Halsey Map | Preservation Society of Charleston
WilliamBull II

Acting Governor April 1760 – December 1761
Acting Governor May 1764 – June 1766
Acting Governor May 1768 – October 1768
Acting Governor July 1769 – September 1771
Acting Governor March 1773 – June 1775

William Bull II was born in 1710 at Ashley Hall plantation, the home of his parents, William Bull and Mary Quintyne Bull. The first native-born American to earn a university medical degree, Bull studied in England, then at Leiden University (the Netherlands), where he was awarded the medical degree in 1734. Like many later planters, he did not establish a medical practice, but found the training useful to his management of a large population of slaves.
William Bull II was first elected to the Commons House of Assembly in 1736, the year before his father became acting governor. He served in the assembly, representing four different parishes, until his appointment to the Royal Council in 1749. In 1759, he became president of the council and lieutenant governor. As lieutenant governor, William Bull II was acting governor on five separate occasions, holding the office a total of eight years.
First, in April 1760 governor William Henry Lyttelton left South Carolina, leaving Bull the acting governor. Bull began negotiations to end the Cherokee War, and in 1761 the tribe signed a treaty with him at Ashley Hall. In December 1761, governor Thomas Boone took over the administration.
William Bull again became acting governor in May 1764, when Thomas Boone left the colony. He stepped down when governor Charles Greville Montagu arrived in Charleston in June 1766, acted as governor during Montagu’s absence in the summer of 1768, and again from July 1769 until September 1771, while Montagu was in England.
William Bull’s fifth term as acting governor began in March 1773, when governor Montagu sailed for England, resigning soon afterward. Bull held the position until Lord William Campbell, South Carolina’s last royal governor, arrived on June 18, 1775.
In 1777, William Bull II refused to take the oath of allegiance to the revolutionary government, and left for England. He came home in February 1781, during the British occupation of Charleston, and was entrusted with the office of “intendant general” on the Board of Police, the body that governed the occupied city. When the British finally evacuated in December 1782, Bull went back to England permanently.
William Bull died in London in 1791. He had recovered ownership of most of his property in South Carolina, and having no children, he bequeathed Ashley Hall Plantation to his nephew William Bull.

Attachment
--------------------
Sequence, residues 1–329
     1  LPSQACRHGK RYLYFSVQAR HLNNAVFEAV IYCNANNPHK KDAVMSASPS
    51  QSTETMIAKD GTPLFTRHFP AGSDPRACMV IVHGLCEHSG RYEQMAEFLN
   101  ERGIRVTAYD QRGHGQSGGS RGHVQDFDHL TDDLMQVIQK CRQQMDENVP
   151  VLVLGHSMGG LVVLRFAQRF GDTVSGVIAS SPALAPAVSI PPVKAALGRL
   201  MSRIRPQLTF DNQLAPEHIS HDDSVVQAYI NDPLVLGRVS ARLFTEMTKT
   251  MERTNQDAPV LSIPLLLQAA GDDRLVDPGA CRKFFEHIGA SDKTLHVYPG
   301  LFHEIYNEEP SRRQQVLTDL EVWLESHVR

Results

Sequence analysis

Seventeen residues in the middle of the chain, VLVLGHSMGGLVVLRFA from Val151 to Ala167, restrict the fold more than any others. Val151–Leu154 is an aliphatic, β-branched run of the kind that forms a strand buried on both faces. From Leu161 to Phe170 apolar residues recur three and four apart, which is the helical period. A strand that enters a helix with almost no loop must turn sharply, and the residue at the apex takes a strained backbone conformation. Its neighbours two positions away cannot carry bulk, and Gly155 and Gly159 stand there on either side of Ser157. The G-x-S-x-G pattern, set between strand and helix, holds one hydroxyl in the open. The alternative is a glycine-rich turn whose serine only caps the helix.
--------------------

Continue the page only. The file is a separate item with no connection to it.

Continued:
Bull, Henry DeSaussure. “Ashley Hall Plantation.” South Carolina Historical Magazine. Vol. 53 (1952).
Moore, Alexander. “Bull, William, II.” Walter Edgar, ed. South Carolina Encyclopedia. University of South Carolina Press, 2006.
Salley, A. S. “The Bull Family of South Carolina.” South Carolina Historical and Genealogical Magazine. Vol. 1 (1900).


Prints and Photographs Collection, Library of Congress http://www.loc.gov/pictures

Ca. 1900 postcard view of the oak avenue at Ashley Hall. William Bull II inherited his father’s plantation, and laid out an elegant garden “in the Italian style” in about 1770.


Mills Atlas, Charleston District, 1825. American Memory, Library of Congress http://memory.loc.gov/

William Bull’s fine brick house, built about 1704 and enlarged ca. 1810, was standing when Robert Mills published his Atlas in 1825. However, it was the grand monument to William Bull II that Mills showed on the map.


Prints and Photographs Collection, Library of Congress http://www.loc.gov/pictures

“A steady Friend, an affectionate Husband…. On this land, part of his Estate and the place of his Birth, this obelisk was erected, sacred to his virtues and her grief, with duty and affection by his disconsolate widow.” Memorial to William Bull, placed at Ashley Hall by Hannah Beale Bull, 1792.


Edmund Petrie, Ichnography of Charleston, South Carolina. London, Phoenix Fire Company, 1788. American Memory, Library of Congress http://memory.loc.gov/

Loyalist William Bull II returned to England in December, 1782, when the British evacuated Charleston. He conveyed his Meeting Street home to Thomas Drayton, who sold it as “68 Meeting Street” in 1783.


Sanborn Map Company

Bull House, 35 Meeting Street, 1888.


Sanborn Map Company

Bull House, 35 Meeting Street, 1902, showing piazzas added ca. 1896.


Preservation Society of Charleston

35 Meeting Street, William Bull’s Charleston residence, was built by his father ca. 1720, and enlarged in 1896 by Henry H. Ficken.


Preservation Society of Charleston